A new Montgomery County law promises to let in some "sunshine" on the meetings of the boards of directors of condominiums and other homeowner associations that previously may have been closed.
The new law, which went into effect July 26, appears to be the first of its kind in the area but is similar to laws passed in other jurisdictions, including the state of Florida, according to housing industry experts.
The Montgomery County measure provides that all meetings of homeowners' associations, including the boards of directors or any committee created by the board, be open to unit owners, tenants and guests of unit owners, and to the news media.
Under the law, a homeowners' association means any private organization of persons owning or living in residential units that has the authority to impose fees on the owners or occupants for services. Included are such groups as councils of unit owners of a condominium, cooperative housing corporations and organizations of owners of a planned unit development. The group is included whether or not it is nonprofit, a for-profit corporation or unincorporated association.
Besides requiring meetings to be open, the Montgomery law requires that there be reasonable advance notice of the meetings -- at least three days -- and that they be held at places and times convenient to most members. It also sets down certain procedures for the election of directors of homeowners' associations, including the requirement that election materials list candidates in alphabetical order without suggesting a preference among candidates. There are also rules governing absentee ballots and proxies.
Montgomery County sources say there are at least 16,000 condominium units in garden apartments, town houses and high-rise buildings covered by the law.
"Prior to passage of the law, tenants had expressed concern that their associations would make decisions about the budget, use of reserve funds for investment and other significant matters without their knowledge," according to Judy Doctor, manager of consumer education and information for Montgomery County's Office of Consumer Affairs. "In passing the law, the County Council established what it considers to be the proper climate for homeowners' association activities -- that they be open and accessible."
The measure was sponsored by Montgomery County Council member David L. Scull, who had called it "fair play" legislation. In passing it, the council said that the homeowners' associations deliver services and exercise powers that correspond in many respects to municipal services.
"The county has taken the position that these associations are mini-governments in a sense," says Joe Giloley, program manager of the condominium information center of the consumer affairs office. "The county says that because you are taxed with homeowner assessments and have to live with laws and regulations of homeowner associations, you should have access to due process in its activities."
While he hadn't seen Montgomery's law, James Dowden, executive vice president of the Community Associations' Institute, said his association fully supports the concept of open meetings. The national group, whose 5,500 members include developers, public officials, property managers, condominium presidents and others involved in associations, recommends to its members that associations operate on the same principles that a local government would follow, Dowden says. That includes open meetings and giving advance public notice.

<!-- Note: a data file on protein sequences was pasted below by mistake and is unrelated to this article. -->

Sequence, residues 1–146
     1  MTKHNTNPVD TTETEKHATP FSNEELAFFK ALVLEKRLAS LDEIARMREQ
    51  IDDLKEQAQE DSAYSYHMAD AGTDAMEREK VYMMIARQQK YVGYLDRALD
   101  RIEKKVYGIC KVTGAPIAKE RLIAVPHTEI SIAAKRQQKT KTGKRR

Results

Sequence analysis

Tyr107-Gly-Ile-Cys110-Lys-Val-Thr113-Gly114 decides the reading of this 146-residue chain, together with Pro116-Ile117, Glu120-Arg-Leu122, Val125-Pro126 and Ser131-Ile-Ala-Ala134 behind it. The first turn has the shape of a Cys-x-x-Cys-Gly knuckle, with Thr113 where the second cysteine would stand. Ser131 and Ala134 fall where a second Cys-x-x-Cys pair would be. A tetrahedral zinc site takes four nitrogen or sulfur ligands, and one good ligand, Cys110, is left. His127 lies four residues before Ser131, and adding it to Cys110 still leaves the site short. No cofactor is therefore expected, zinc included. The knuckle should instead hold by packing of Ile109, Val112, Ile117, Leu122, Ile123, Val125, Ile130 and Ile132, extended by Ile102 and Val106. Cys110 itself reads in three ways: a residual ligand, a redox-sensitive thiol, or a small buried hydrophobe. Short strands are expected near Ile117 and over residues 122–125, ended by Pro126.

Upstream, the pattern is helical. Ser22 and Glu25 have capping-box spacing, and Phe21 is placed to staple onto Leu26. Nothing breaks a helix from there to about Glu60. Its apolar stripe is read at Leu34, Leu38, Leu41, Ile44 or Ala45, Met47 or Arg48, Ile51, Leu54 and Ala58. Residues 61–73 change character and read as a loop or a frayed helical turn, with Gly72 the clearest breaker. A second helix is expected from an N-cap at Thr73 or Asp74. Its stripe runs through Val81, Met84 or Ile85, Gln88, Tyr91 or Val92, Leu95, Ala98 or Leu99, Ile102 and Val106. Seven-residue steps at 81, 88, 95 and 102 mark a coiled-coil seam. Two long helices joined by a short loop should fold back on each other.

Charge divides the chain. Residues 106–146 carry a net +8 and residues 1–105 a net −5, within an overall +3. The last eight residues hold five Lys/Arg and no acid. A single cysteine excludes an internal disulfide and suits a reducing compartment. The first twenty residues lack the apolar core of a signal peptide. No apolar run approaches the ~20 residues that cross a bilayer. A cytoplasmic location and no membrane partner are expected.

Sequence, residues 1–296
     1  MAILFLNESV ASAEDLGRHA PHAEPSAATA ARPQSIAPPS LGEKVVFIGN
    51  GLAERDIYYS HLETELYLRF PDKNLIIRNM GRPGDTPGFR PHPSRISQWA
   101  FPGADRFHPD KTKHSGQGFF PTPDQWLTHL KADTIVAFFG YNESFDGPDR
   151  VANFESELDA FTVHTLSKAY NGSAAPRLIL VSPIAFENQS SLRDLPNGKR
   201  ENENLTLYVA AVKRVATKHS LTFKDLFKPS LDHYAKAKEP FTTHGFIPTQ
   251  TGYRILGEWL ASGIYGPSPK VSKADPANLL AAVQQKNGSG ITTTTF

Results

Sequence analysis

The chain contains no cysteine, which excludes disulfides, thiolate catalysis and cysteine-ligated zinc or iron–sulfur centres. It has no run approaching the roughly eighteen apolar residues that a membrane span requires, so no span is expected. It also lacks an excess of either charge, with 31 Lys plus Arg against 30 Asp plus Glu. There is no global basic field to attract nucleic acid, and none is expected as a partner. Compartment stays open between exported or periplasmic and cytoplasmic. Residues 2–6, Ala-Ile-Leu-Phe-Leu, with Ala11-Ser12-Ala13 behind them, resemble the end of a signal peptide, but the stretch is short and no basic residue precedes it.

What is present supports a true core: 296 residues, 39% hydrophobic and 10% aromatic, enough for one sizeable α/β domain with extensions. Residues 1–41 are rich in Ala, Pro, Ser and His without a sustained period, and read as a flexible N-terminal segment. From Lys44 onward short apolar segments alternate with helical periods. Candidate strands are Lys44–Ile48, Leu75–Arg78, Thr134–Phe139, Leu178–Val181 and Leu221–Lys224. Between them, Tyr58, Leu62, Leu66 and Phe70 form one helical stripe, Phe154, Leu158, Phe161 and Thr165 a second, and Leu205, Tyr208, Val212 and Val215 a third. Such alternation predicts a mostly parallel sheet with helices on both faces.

Dowden said his group recommends to associations that they set aside a certain amount of time at each meeting -- say, a half-hour -- for participation from members who appear and want to make their views known. The group also supports some exceptions to the "open" meeting concept, just as in the public sector. Meetings of the board should be closed when directors are discussing personnel matters; matters concerning individuals -- for instance, those who are behind in assessments -- litigation and contract disputes, Dowden suggests. The Montgomery law allows meetings to be closed for such discussions.
"The open meeting gives an outlet for those who have legitimate complaints," he says. "Folks have a right to see the process work."
However, Dowden said that "in general they don't participate and don't show up." An increasing number of condo boards are giving notice and encouraging attendance and find it frustrating because often no one comes, he said. "Very little happens at a board meeting unless fees are raised," he said. "We tell boards that for controversial items, they ought to hold open hearings if they can."
Most board meetings of condos are relatively routine, taking up administrative matters, he said. "I don't think most boards have made a deliberate effort to close their meetings," he added. "I think they are not going out of their way to let everybody know they can come to a board meeting if they want to . . . "
At least one condominium owner in Montgomery County, Dorothy Sager, will likely be attending meetings of the board of her condo board. Sager, founder of the Montgomery County Association of Condominium Unit Owners, fought hard for the Montgomery law and testified before the Maryland legislature this spring in support of a statewide bill to protect condo residents.
"As condominium owners, my husband and I found ourselves in the unfortunate situation where our condominium fee increased 70 percent in three years and services decreased at an alarming rate," she testified. She said the board of her condo met in closed session for three years, in one case making a decision to spend funds intended for maintaining the complex to buy real estate instead.
Giloley said the bill didn't become law in Maryland but a recently appointed commission on condominiums appointed by Gov. Harry Hughes will be discussing the "sunshine" issue, among others.